W3C home > Mailing lists > Public > public-rif-wg@w3.org > July 2007

Re: "entailment regime"?

From: Dave Reynolds <der@hplb.hpl.hp.com>
Date: Wed, 04 Jul 2007 17:48:08 +0100
Message-ID: <468BCF48.9030102@hplb.hpl.hp.com>
To: Sandro Hawke <sandro@w3.org>
CC: public-rif-wg@w3.org

Sandro Hawke wrote:
> (This message is likely to be controversial among the RDF folks, but I
> think it's important.  It may also not be something we can agree on --
> other Semantic Web working groups have been challenged by this -- but
> let me at least try to make the case.)
> In http://www.w3.org/2005/rules/wg/wiki/Arch/RDF, Jos writes:
>> Furthermore, this data set has a particular entailment regime
>> associated with it (e.g. simple, RDF, RDFS). 
>> rif:rdfEntailmentRegime a rdf:Property ;
>>     rdfs:domain rif:RuleSet ;
>>     rdfs:range  rif:RDFEntailmentRegime .
> If I understand this approach correctly, I'm afraid I have to disagree
> with it.  RDF entailment regimes should *not* be specified.  It's a key
> element of the architecture of the Semantic Web that semantics are
> implied by the vocabulary in use, instead of being explicitely named.

Interesting. Where is this written down?

On the telecon we discussed that part of the proposal and I thought we 
agreed to change it, that the entailmentRegime should be an attribute of 
the ruleset rather than the dataset. At least that's what I was 
suggesting and I thought Jos agreed and no one else objected.

Does that address your issue?

As discussed in the parallel thread with Jos and Axel I would prefer to 
do that by providing an import mechanism rather than metadata. So that a 
rule set where one wanted to process RDF data and assume RDFS semantics 
could be something like:

         <rif:import uri="http://www.w3.org/2007/rif#RDFSruleset.rif" />
         ... rules ...

However, if that were done indirectly via ruleset metadata that would be 
OK too (I can make arguments both ways round if you like :-)).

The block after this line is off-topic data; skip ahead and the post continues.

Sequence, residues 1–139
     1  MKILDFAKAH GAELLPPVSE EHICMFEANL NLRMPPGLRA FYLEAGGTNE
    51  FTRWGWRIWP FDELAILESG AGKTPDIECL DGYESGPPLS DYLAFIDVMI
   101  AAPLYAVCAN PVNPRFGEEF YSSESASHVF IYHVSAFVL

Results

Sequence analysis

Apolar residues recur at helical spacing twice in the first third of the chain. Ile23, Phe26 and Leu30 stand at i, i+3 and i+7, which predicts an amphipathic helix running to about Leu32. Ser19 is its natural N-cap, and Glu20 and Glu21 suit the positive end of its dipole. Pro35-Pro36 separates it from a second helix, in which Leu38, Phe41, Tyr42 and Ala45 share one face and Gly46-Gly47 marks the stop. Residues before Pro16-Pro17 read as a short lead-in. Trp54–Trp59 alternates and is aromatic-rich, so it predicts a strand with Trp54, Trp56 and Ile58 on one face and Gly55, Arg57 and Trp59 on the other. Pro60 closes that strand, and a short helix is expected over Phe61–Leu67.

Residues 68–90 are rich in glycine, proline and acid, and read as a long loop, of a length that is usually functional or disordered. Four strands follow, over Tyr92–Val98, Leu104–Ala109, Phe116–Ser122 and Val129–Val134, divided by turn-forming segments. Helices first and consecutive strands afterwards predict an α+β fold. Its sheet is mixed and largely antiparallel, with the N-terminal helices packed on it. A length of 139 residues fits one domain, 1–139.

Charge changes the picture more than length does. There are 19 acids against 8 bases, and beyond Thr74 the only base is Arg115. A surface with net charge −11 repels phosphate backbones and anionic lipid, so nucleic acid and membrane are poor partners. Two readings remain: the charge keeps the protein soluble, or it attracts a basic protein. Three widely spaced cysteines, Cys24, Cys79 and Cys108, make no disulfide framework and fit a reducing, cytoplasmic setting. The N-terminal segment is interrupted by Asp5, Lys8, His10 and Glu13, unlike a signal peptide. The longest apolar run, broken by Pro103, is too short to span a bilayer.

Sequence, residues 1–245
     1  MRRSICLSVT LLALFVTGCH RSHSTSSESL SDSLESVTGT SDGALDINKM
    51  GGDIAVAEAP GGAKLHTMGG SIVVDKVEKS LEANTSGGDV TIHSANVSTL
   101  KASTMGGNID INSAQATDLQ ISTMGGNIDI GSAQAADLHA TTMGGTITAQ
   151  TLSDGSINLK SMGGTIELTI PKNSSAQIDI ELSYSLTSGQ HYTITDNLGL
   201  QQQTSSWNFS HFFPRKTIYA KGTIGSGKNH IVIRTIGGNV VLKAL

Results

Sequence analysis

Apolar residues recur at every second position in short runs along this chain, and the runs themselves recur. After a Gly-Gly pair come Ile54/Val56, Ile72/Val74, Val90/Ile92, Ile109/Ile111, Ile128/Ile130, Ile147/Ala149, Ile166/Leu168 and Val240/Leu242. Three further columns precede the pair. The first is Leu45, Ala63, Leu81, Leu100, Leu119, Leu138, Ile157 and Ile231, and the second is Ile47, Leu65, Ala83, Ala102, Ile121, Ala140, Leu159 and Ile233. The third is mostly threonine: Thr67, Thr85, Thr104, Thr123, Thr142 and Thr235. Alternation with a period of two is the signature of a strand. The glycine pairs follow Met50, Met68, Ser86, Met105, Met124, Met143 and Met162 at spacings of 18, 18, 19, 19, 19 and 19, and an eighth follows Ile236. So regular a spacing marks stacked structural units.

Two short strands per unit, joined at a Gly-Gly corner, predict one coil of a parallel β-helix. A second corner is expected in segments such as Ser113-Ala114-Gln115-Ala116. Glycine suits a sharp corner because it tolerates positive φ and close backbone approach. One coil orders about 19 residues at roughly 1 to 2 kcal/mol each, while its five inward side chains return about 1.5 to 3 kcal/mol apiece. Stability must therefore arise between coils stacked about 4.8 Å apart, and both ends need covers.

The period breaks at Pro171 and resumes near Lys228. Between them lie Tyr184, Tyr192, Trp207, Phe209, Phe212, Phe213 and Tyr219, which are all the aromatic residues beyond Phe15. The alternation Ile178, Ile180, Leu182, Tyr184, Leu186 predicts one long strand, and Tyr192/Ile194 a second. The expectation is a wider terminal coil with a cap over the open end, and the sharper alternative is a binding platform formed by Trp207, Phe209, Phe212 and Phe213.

If neither ruleset import nor ruleset metadata are acceptable to you 
what's the alternative?

> This is for exactly the same reason I argued that RIF documents should
> not be labeled with a dialect identifier, unless it's just a
> suggestion/hint; it provides backward compatibility. 

I hadn't twigged that's what you were after. I think dialect metadata is 
at least needed as a hint ("ah this rule set is supposed to be in 
dialect D, I'm sure I had a D processor around here somewhere, I'll try 
that one first").

> The idea, though, is that you use all the entailment regimes which are
> defined for the vocabulary in use.  So for an RDF/XML document that uses
> no RDFS or OWL terms, RDF entailment applies.  If you use RDFS terms,
> RDFS entailment applies.  If you use OWL terms, OWL entailment applies.
> At a high enough level, this is equivalent to just using all the
> entailment regimes you can.  I know for people concerned with
> theoretical properties of logics, this is painful, and it does present
> some challenges.  But if there's a case where this approach is a real
> problem to users, I'd like to hear about it.

I don't think this is workable in practice. Applications need control 
over which entailment regime to apply for many reasons. Consider writing 
an OWL editor, my editor wants to treat the RDF making up the OWL as 
plain triples when it is editing. Consider checkers such as Jena's 
Eyeball, it proves useful to be able to check that all things used as 
classes are defined as such, if you always had RDFS inference on you 
couldn't do that. Consider applications wishing to make performance 

I can assure you that if in Jena we took away the ability to choose 
inference level separately from content we would have major user support 

However, this last part seems like a more general semantic web 
discussion that should be off the RIF list.

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Received on Wednesday, 4 July 2007 16:48:27 UTC

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